AOPA Australia prepares response to CASA Review of Medical Certification Standards

AOPA Australia prepares response to CASA Review of Medical Certification Standards

AOPA Australia prepares response to CASA Review of Medical Certification Standards

January 31, 2017 By Benjamin Morgan
A pilot has completed pre-takeoff checks and is taxiing onto the runway for takeoff. Rushing after a late start, and preoccupied with announcing the departure on the common traffic advisory frequency, he never quite positions the aircraft over the runway centerline before advancing the throttle.
Aviation Medicals

The closing date for the CASA Avmed Discussion Paper is fast approaching and the Aircraft Owners and Pilots Association (AOPA) of Australia is focussed on ensuring its proposal for Class 2 Medical Reform is considered in the decision making process, whilst encouraging private pilots to have their say.

“The AOPA Australia is happy that CASA has come out with a discussion paper on the medical reform, and we want to work in collaboration to achieve a successful outcome for the general aviation industry,” AOPA director and private pilot Dr Tony van der Spek said.

In August last year, the AOPA Australia proposed an alternative Class 2 Medical Policy, where a private pilot would have an AustRoads Unrestricted Private Drivers Medical standard, with the requirement for regular examinations removed, except in cases where a pilot has a known condition.

“The Class 2 medical has become quite onerous, and a lot of people are giving it up to fly recreational aviation, which is a bit of a shame.

“We want as many people and organisations to put in submissions on the CASA discussion paper,” he said.

Matthew Bouttell flies a Jabiru J120, and holds a PPL (A) and an RAA Aus Pilot certificate.

“As a PPL holder I have to find a Designated Aviation Medical Examiner (DAME) in my local area,” Mr Bouttell said.

He explained that this DAME is not his regular health professional, and has limited, or no knowledge of Mr Bouttell’s medical history, aside from he is told.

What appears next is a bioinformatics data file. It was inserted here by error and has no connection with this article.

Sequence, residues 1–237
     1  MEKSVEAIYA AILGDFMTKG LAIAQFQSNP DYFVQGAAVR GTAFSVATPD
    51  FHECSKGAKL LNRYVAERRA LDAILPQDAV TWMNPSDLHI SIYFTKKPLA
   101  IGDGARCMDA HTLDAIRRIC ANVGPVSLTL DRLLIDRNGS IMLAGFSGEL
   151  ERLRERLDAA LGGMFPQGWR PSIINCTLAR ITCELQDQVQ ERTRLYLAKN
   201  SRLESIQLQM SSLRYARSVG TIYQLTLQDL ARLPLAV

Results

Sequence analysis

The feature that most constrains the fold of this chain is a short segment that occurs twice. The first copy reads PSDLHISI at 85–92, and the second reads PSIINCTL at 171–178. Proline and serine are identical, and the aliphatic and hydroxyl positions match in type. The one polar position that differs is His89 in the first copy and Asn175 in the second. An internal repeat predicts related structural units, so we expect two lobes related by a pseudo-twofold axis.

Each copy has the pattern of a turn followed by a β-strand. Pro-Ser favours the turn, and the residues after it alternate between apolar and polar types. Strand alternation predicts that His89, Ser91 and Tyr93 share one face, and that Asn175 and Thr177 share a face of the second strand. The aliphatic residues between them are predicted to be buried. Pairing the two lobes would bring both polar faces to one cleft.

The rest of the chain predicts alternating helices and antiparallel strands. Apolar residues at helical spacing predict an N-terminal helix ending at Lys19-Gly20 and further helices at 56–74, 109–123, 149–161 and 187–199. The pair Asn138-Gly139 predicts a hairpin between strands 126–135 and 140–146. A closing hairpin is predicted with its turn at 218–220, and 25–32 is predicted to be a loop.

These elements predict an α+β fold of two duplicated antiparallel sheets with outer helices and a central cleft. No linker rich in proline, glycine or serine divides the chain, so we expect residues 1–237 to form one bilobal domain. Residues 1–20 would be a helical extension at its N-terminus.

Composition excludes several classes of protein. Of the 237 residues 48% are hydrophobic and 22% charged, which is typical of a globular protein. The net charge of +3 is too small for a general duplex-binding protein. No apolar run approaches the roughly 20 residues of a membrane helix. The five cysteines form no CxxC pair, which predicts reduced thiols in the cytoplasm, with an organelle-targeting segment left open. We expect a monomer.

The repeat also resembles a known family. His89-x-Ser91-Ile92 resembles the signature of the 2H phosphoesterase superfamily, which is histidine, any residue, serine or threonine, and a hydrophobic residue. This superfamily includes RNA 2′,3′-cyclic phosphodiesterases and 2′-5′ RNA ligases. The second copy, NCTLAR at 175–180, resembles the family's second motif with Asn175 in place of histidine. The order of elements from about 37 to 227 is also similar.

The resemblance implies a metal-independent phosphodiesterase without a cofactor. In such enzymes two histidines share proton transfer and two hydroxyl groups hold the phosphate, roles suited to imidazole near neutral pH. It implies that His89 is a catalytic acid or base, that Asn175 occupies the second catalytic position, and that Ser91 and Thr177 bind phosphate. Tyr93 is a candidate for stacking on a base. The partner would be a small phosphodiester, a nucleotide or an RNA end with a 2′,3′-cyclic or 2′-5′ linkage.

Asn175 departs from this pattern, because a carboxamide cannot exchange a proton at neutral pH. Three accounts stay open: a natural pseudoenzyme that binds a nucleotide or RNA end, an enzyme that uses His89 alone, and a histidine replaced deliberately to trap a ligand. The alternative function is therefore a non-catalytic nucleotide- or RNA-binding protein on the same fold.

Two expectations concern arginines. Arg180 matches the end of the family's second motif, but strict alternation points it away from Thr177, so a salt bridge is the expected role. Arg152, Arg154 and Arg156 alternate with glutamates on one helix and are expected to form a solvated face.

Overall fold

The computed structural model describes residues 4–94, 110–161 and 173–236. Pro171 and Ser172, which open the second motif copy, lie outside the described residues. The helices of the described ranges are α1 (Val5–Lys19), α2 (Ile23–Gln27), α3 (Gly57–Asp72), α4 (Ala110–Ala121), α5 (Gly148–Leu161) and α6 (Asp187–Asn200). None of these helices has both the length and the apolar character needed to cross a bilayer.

“I have a friend whose eye sight was mentioned in their Class 2 examination by the DAME. He was then required to go and have a number of expensive tests to find nothing wrong,” he said.

Australia is not alone in reviewing the Class 2 Medical reform, with the Civil Aviation Authority in the United Kingdom and the Federal Aviation Administration (FAA) in the United States undergoing a similar process.

“If you take a look at what the FAA has announced in recent weeks with their Advisory Circular 68-1, they’ve recognised there is an opportunity to further reduce cost and regulatory burden for those private operators who fly smaller GA aircraft with five or less passengers.

Mr Bouttell welcomed CASA’s approach to the issue with the Recreational Aviation Medical Practitioner’s Certificate (RAMPC), but said it doesn’t go far enough.

“I don’t think we should ignore fitness to fly, but there are ways to more efficiently manage the level of risk, he said.

“Understanding the level of risk is key, therefore, rather than managing the risk of litigation towards CASA, they should look at the likelihood of risk being realised in the first place, backed up by data and by taking the lead from other well placed jurisdictions.”

Brisbane-based Dr Michael Horwood is a medical professional, with an extensive career as a DAME both overseas and in Australia.

“The fact that CASA is asking the question is wonderful, as the current Class 2 medical process for private pilots is in need of gross simplification,” he said.

Dr Horwood also raised the issue of the costs involved for private pilots, sharing an example of recent appointments he had with two pilots who travelled to Brisbane from country Queensland.

“We need a practical approach to medicals for private pilots. We need a balance where we minimise harm, and manage the costs involved for private pilots,” he said.

CASA acting Director of Aviation Safety and chief executive officer, Shane Carmody, says aviation medicine is a complex area of decision making involving medical, regulatory and legal considerations.

“Due to these complexities CASA recognised a wide discussion with the aviation community is essential before any proposals for change should be considered,” Mr Carmody said.

The current system seeks to ensure all pilots are fit to fly by way of appropriate regulatory requirements.  By issuing the discussion paper, the regulator says it is asking the aviation community if there might be other ways of achieving the same goals.“

CASA looks forward to comprehensive responses to the discussion paper from people and organisations across the aviation community.”

The goal of a discussion paper, according to CASA, is to get feedback on options for the regulator to consider what will need to be considered further in terms of regulatory change.

“At this stage there are a few submissions to date, but given we are in January,” Mr Carmody said.

The paper is open until 30 March.

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Benjamin Morgan

Executive Director - Aircraft Owners and Pilots Association (AOPA) of Australia

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